i. "The Jews' opposition to the work of the missionaries among the Gentiles was not due to the fact that they were seeking to win Gentiles. The Jews themselves were vigorously engaged in this period of their history in actively proselyting Gentiles. Their fierce opposition was due to the fact that Christian missionaries offered salvation to Gentiles without demanding that they first become Jews." (Hiebert)

ii. "The plural 'sins' points to the aggregate of their separate evil acts, and not to the general abstract concept of 'sin.'" (Morris)

e. But wrath has come upon them to the uttermost: Paul comforted the Thessalonians by assuring them that God would indeed take care of their persecutors. When Christians forget this, they often disgrace and curse themselves by returning persecution for persecution towards others.

i. "Their crimes were great; to these their punishment is proportioned. For what end God has preserved them distinct from all the people of the earth among whom they sojourn, we cannot pretend to say; but it must unquestionably be for an object of the very highest importance. In the meantime, let the Christian world treat them with humanity and mercy." (Clarke)

ii. "At the same time we should notice that Paul's anger is the anger of a man with his own nation, with his own people. He is very much part of them, and he sorrows for their fate." (Morris)

3. (17-20) Paul explains his absence from the Thessalonians.

But we, brethren, having been taken away from you for a short time in presence, not in heart, endeavored more eagerly to see your face with great desire. Therefore we wanted to come to you-even I, Paul, time and again-but Satan hindered us. For what is our hope, or joy, or crown of rejoicing? Is it not even you in the presence of our Lord Jesus Christ at His coming? For you are our glory and joy.

a. Away from you for a short time in presence, not in heart, endeavored more eagerly to see your face: Paul knew that the Thessalonians appreciated the comfort he gave, but they wondered why he didn't come and bring this comfort in person. They naturally thought that this would be much better. Yet Paul assured them that the reason was not a lack of love or desire on his part.

b. We wanted to come to you... but Satan hindered us: It wasn't that Paul did not want to visit the Thessalonians. It was that Satan hindered Paul and his associates. Paul assured the Thessalonians that he desired to be with them, but he was hindered by Satan, and that this happened time and again.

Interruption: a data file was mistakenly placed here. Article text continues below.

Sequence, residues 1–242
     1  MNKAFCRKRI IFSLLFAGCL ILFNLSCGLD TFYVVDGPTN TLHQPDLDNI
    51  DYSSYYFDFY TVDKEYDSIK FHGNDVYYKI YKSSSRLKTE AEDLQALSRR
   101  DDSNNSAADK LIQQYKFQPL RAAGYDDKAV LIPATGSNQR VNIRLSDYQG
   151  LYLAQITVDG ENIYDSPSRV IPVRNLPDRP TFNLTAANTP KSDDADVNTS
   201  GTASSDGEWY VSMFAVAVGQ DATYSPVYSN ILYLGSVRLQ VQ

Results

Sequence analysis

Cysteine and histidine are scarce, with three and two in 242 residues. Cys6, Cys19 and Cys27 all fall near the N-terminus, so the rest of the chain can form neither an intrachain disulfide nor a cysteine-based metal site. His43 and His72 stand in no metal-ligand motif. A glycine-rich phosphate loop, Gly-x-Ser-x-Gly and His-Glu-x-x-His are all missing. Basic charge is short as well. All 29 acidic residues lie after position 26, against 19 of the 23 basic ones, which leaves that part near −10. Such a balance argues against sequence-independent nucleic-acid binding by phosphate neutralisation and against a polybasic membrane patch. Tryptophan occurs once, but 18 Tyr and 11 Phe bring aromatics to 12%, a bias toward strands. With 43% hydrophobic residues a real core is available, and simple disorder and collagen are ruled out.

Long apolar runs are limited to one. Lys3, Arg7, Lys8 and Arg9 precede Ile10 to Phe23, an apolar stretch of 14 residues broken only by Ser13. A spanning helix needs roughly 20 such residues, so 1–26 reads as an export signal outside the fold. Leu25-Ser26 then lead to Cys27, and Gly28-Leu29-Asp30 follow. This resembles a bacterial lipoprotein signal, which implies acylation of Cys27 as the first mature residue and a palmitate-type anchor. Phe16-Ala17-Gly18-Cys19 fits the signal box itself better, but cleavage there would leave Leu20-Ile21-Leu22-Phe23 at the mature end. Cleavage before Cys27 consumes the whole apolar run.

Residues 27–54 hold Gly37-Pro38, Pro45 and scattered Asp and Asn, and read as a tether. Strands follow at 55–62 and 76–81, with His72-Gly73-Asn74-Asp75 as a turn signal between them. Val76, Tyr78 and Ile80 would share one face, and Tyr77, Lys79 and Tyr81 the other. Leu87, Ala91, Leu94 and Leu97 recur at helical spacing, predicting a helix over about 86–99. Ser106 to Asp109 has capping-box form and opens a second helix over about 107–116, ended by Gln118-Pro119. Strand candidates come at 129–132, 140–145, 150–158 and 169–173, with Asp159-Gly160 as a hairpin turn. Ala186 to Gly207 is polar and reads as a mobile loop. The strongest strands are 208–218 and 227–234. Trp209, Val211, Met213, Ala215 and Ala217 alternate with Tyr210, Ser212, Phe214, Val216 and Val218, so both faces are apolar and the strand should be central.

i. The Thessalonians were mostly Gentile converts, yet when Paul mentioned Satan here, he gave no further explanation. This shows that in the few weeks he was there, Paul taught the Thessalonians much about Satan and spiritual warfare.

c. Satan hindered us: Paul, in all his apostolic ministry and authority, could still be blocked by Satan. But Paul did not just receive this Satanic hindrance in a fatalistic way. He did something about the hindrance.

i. First, Paul understood that this was Satanic hindrance. He knew this was not a random circumstance, but a direct attack from Satan. Paul had the discernment to know.

ii. Second, Paul had faith. For a short time means that Paul knew it would only be a short time until the roadblock was overcome.

iii. Third, Paul was committed to fight against the roadblock any way he could. If he couldn't be there in person, his letter will go for him and teach and encourage them in his absence. Many scholars believe that 1 Thessalonians was Paul's earliest letter written as an apostle to a church. If this is the case, then Satan's roadblock got Paul started on writing letters to the churches. When Satan saw the great work God did through these letters, he regretted that he ever hindered Paul at all.

iv. Finally, God brought the victory. Acts 20:1-5 describes Paul's eventual return to Thessalonica and to other churches in the area.

v. "Supposing that we have ascertained that hindrances in our way really come from Satan, WHAT THEN? I have but one piece of advice, and that is, go on, hindrance or no hindrance, in the path of duty as God the Holy Ghost enables you." (Spurgeon)

d. For what is our hope, or joy, or crown of rejoicing? Paul assured the Thessalonians that he could never forget them because they were his glory and his joy. His inability to visit should never be taken as a lack of love towards the Thessalonians.

i. Perhaps Paul would say that he didn't need a crown in heaven because these precious ones were his crown of victory. Those whom we bring to Jesus and disciple are a crown of victory for us.

ii. "Every man who preaches the Gospel should carefully read this chapter and examine himself by it. Most preachers, on reading it conscientiously, will either give up their place to others, or purpose to do the work of the Lord more fervently for the future." (Clarke)